- and because of their differences will evoke and expect a correspondingly different kind of comment.
You could say that with each of these in turn presentation style, and the skills at the presentation technique increase, while the academic content becomes diluted, more fluid and conversational. When in comes to comment or critique this should be born in mind; Grainne Conole's presentation would not warrant the kind of scrutiny you'd give a report.
The final step would be an eight minute professional video, or covering all three, drawing in further reports and interviews with the experts and students, a documentary.
Though informative, I'd consider the first and second papers to offer the most calories to a student. The choice is down to the academic team: dean, academic expert and learning designer.
Fig. 1. The Open University Library
It would be an exaggeration to say that were I a practising Christian (Catholic) I feel as if I had just visited St. Peter's, Rome but there was a sense that 14 months into an MA course with the OU that by going to the OU Library, Milton Keynes, I had just done this. The OU library represents the hub, the knowledge; from here it branches out through people into departments, up stairwells, through offices and meetings rooms, forming itself into online and distance learning courses.
I haven't met Conole, Kirkpatrick, Weller or Pegler, but I saw their books on the shelf, which is a step further than reading extracts online, or chapters in an e-book.
Is not taking a laptop into a library an early form of mobile E-learning despite the situation?
Grainne Connole is the 'star turn' in Cloudworks. She is Oprah. This is a channel, a network, a show. To stand out, let alone to be attractive to users, it requires this kind of 'ownership.'
This 'online filing system' is weak because of how it is presented NOT for what it does and can do.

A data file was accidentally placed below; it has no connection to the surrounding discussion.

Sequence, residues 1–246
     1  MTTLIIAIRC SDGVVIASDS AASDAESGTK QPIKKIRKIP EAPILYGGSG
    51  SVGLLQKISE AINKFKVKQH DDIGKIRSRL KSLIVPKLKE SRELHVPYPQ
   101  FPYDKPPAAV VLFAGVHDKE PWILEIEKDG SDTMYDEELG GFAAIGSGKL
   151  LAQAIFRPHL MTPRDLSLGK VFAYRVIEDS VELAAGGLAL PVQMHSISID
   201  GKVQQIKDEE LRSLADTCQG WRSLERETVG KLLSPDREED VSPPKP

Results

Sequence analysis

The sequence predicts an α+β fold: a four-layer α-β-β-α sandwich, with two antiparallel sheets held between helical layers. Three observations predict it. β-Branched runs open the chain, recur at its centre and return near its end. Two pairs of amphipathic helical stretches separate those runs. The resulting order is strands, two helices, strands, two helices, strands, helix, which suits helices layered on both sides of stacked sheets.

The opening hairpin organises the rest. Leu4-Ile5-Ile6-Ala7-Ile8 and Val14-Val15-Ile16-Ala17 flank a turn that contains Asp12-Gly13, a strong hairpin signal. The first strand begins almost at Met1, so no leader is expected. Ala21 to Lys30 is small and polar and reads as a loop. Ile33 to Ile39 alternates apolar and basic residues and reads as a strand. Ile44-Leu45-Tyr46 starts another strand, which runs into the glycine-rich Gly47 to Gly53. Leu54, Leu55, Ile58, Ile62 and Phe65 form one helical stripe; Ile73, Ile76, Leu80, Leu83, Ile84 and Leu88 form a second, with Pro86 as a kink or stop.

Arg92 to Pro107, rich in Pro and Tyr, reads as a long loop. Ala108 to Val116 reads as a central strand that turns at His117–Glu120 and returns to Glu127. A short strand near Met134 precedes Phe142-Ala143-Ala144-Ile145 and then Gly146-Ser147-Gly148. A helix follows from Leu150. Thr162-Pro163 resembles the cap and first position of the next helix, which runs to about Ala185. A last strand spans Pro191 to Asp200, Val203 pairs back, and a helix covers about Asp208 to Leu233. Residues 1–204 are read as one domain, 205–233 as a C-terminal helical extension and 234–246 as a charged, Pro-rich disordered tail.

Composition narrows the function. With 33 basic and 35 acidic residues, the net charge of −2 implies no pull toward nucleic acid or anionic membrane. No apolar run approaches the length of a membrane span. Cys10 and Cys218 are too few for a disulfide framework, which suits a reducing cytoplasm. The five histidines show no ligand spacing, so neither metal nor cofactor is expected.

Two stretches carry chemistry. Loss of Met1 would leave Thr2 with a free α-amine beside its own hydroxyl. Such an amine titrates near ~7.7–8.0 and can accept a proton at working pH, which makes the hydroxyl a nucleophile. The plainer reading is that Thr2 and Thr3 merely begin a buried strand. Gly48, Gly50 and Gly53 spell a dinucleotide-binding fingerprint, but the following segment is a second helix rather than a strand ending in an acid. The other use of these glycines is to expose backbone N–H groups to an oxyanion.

It has the potential to be a social educational campus/network. The key is to overlay ALL assets with an image of the person who composed the material, i.e. the entry into the content is the person or if not an image, then at least the opportunity to add a 'book cover/sleave' i.e. something visual, relevant to the content, personal and engaging.
Facebook has the right balance between form and functionalty. There is a caareful balance of personalisation and prescribed layout/design. (Like a good TV channel, you know where you are when you're in Facebook).
Often I see ideas screaming out for the input of a designer
Here I mean a visualiser, an art director kind of designer, someone who can take the excellent functionality, the problem solving, engaging, satisfying programming/sites - and add some feeling.
We are emotional beings, we respond and are motivated for subjective reasons. We chose one thing over another because we 'like' it, not necessarily because it is better than another product or service.
In time it won't just be an art director that is required, you'll need a producer
... someone who can run the 'channel' as a living entity, as a live-show, that will include video. Am I describing the librarian of the 21st century, an 'asset manager' who is not working in the City of London?
If you give the new bubbl.us a go I promise that some of the things it does, and how it looks, makes it a joy. Every time you create a new node or bubble it automatically offers a different, though matching, graded shade of the previous colour.
(Six months ago it was more child-like - you deleted a bubble you didn't want and it bursts into flames! Now they fade away like mist on a Spring morning).
There is a war going on out there.
Make yourself attractive. People haven't time to compare sites, they'll just run with what looks right and if it delivers they'll stick with it.
See Visualising the Learning Design Process, A. J. Brasher, below.
See Information is Beautiful, David McCandless.